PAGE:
Mentions: Concerning the fatty acids composition (Fig. 5), it should underline the high nutritive potential of the optimized shea butters. Indeed, in addition to the carotene, vitamins A and E which would be powerful antioxidant, these butters contain, the fatty acids profile revealed the presence of essential fatty acids (EFA) such as oleic (38.12 and 29.09 % for beige and yellow shea butters, respectively) and linoleic (9.72 and 5.92 % for beige and yellow shea butters, respectively) acids. Their proportions were relatively important, mainly in the beige shea butter and would suggest the possibility of extracting a liquid fraction like “olein de karite” of Burkina Faso. Such fraction could be consumed without heating, preserving hence, vitamins (A and E), carotene and other thermo-sensible moleculars from destruction. It is worth underlining the relatively important amount of oleic acid and oleic/linoleic acids (3.92 and 4.91, for beige and yellow shea butters, respectively) ratio; such disposition would confer to the optimized shea butters the quality of very interesting dietetic fat in cardiovascular, inflammatory, autoimmune diseases and cancer prevention (Harris 2006; Simopoulos 2008). They could them be recommended for usual consumption like colza and sunflower oils which are considered nowadays as the best dietetic oil on markets. The solid fraction of the shea butters which will be constituted by stearic (32.39 and 36.36 % for beige and yellow shea butters, respectively) and palmitic (16.42 and 26.36 % for beige and yellow shea butters, respectively) acids could for it, be involved in margarine and in baking pastes to get leafy-pastes as reported by Pesquet (1992) about shea butter exploitation in bakery.Fig. 5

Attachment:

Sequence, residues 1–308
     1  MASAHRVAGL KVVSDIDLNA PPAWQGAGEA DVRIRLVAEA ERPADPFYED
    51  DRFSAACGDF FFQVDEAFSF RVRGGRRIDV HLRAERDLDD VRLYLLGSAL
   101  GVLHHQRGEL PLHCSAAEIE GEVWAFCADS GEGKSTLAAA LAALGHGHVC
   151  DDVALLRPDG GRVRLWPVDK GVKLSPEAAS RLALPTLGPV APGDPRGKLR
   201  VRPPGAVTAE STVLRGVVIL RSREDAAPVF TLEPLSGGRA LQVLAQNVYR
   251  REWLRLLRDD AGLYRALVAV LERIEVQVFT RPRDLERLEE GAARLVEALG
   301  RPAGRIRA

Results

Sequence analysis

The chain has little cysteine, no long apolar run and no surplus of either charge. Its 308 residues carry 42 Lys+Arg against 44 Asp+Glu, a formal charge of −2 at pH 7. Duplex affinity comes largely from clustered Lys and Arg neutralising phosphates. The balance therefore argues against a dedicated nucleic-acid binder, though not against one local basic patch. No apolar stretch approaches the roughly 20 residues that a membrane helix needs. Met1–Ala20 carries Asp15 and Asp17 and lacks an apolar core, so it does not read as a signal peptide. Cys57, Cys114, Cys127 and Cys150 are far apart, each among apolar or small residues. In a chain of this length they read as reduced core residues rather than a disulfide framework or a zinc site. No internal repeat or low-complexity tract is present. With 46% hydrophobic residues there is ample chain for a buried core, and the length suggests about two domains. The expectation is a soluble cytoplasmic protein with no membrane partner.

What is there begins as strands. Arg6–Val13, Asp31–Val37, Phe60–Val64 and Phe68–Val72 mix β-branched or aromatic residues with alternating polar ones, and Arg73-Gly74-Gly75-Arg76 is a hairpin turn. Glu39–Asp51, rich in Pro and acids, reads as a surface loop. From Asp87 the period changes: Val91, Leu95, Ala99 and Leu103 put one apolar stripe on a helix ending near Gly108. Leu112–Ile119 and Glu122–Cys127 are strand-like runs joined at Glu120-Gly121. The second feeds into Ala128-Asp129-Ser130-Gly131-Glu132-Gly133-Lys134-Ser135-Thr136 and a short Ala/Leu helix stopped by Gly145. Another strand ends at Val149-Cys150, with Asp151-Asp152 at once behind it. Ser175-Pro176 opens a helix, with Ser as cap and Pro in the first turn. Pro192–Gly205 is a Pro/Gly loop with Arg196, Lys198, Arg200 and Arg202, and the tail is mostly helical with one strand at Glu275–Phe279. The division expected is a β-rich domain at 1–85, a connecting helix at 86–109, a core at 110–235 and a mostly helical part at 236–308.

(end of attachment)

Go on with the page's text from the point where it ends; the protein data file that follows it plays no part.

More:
Bottom Line: The UV-Vis spectrum showed a high peak at 300 nm and a rapid decrease from 300 to 500 nm when the near infra-red one, revealed peaks at 450, 1200, 1400, 1725 and 2150 nm for all the samples.The samples also contained essential minerals (Calcium, magnesium, zinc, iron, etc.) carotene (550 ± 50 and 544 ± 50 ppm), vitamins A (0.065 ± 0.001 and 0.032 ± 0.001 µg/g) and E (2992.09 ± 1.90 and 3788.44 ± 1.90 ppm) in relatively important amounts; neither microbiological germs nor heavy were detected.All these valorizing characteristics would confer to the optimized shea butters good aptitude for exportation and exploitation in food, cosmetic and pharmaceutical industries.

View Article: PubMed Central - PubMed